Sash Windows

Should I repair my sash windows or replace them?

Share The Love

A decision that could – at least initially – seem hard to make

Sash windows have many benefits: they look good, can require little maintenance and, as only one of their panels can be opened at a time, can be tricky for budding burglars to clamour through. Understandably, then, you could quickly feel distraught if your home’s sash windows pick up damage. How can you tell whether you need a repair service or a set of new windows?

How might sash windows pick up damage over time?

As most of the UK’s sash windows are wooden-framed, they can be prone to swelling, distorting and rotting – and start rattling and become noticeably draughtier if the wood shrinks. Meanwhile, the glass panes and sash cords of both timber and uPVC sash windows can break.

Could I replace sash windows on a listed property?

Yes, but you would need planning permission to do so. However, even if your London home’s sash windows are damaged, we can likely repair them. If we find that these windows are beyond repair, we could create and fit new sash windows that accurately copy the old ones.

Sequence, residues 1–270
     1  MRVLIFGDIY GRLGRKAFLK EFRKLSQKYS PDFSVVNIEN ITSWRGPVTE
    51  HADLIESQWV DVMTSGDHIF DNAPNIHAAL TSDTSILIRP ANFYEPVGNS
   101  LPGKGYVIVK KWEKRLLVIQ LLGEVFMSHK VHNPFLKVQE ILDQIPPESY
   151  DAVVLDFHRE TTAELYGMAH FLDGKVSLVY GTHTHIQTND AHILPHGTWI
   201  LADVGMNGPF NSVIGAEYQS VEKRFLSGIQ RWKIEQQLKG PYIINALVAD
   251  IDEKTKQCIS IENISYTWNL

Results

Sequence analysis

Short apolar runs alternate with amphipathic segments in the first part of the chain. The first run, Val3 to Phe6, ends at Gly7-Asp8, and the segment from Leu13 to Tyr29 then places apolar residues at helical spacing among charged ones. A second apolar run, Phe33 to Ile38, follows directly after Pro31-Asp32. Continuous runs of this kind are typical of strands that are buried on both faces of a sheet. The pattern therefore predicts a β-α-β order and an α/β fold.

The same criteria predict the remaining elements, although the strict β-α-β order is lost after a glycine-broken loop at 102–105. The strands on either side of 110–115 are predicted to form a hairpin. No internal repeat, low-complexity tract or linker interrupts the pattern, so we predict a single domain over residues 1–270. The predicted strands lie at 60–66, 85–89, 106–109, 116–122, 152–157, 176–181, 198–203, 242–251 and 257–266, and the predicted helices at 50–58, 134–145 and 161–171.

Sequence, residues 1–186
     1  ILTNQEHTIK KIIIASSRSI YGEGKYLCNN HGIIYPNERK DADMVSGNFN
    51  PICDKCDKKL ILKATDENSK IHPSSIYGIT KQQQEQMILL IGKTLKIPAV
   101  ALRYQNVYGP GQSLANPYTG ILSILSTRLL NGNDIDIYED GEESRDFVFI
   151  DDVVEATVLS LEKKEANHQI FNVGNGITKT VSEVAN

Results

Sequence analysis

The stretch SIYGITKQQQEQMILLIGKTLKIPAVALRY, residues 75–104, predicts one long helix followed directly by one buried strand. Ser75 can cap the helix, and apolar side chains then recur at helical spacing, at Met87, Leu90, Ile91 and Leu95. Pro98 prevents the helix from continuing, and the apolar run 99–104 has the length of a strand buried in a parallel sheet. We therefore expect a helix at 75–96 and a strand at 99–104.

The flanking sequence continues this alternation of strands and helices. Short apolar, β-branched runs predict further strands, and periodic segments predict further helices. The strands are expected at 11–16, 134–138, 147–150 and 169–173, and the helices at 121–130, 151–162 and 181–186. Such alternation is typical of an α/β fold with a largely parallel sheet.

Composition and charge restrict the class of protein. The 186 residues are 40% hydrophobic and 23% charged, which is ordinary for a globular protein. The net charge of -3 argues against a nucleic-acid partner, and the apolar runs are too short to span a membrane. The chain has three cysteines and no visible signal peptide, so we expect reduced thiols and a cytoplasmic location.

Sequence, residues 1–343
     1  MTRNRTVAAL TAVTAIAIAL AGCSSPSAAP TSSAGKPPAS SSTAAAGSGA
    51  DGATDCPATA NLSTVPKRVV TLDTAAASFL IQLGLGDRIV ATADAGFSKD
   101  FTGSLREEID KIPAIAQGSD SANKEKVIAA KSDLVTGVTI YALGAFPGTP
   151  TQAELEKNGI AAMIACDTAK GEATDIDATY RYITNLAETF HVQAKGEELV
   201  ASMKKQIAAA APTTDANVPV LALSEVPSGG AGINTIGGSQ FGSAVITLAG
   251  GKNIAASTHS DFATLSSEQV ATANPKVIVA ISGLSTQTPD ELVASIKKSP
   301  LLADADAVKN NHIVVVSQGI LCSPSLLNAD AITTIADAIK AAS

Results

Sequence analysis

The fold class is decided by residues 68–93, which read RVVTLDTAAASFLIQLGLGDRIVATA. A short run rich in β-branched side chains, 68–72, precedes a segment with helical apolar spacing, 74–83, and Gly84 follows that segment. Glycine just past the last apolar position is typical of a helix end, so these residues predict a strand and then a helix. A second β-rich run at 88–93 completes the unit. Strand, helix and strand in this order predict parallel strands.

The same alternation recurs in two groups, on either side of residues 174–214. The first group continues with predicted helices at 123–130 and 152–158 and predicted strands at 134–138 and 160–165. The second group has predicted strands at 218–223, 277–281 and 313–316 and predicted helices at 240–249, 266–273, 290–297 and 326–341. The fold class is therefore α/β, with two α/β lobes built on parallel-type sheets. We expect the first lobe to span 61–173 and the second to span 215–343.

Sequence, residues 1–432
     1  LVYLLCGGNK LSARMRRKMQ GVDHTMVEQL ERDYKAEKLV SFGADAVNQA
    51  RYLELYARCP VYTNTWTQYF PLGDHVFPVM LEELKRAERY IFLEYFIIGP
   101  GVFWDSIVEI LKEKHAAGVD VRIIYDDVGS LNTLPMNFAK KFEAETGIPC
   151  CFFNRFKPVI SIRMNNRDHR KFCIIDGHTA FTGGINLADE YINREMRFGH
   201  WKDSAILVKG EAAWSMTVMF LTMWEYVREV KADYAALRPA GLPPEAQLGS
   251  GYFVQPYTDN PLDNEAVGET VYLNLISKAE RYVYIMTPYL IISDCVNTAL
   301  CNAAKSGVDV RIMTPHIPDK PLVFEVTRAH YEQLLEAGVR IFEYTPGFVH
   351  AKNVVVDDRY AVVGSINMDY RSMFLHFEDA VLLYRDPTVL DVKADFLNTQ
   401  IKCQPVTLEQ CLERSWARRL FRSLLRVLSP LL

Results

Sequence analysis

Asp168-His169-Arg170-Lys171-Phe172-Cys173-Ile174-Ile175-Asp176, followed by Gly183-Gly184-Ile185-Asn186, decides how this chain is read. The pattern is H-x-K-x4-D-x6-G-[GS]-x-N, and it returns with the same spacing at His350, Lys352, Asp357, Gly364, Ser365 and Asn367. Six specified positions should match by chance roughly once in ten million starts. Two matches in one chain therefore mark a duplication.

Sash windows: key character features worth preserving

In the UK, sash windows – known by this term due to their sliding panels, or “sashes” – have long been the traditional choice of window type for residential properties. Today, sash windows are often seen on period homes; however, from the early twentieth century onwards, casement windows – which open and close via a hinge – were increasingly chosen for under-construction homes instead.

As a result, if your home has sash windows, you are probably eager to keep them in good condition – especially as this would catch the eye of homebuyers should your property ever be put up for sale. Still, if you see any of the telltale signs of damage to your sash windows, you will be left with a crucial decision to make…

Why you might need to do something about your sash windows?

Quite simply, should your problematic sash windows be replaced or simply repaired? The answer will very much depend on what the problem actually is. Fortunately, sash window repair is often the only service needed for rectifying a wide range of faults in such windows. Here are some examples of issues that commonly befall sash windows but our repair technicians regularly tackle:

  • Swollen and distorted woodwork
  • Rotting wooden frames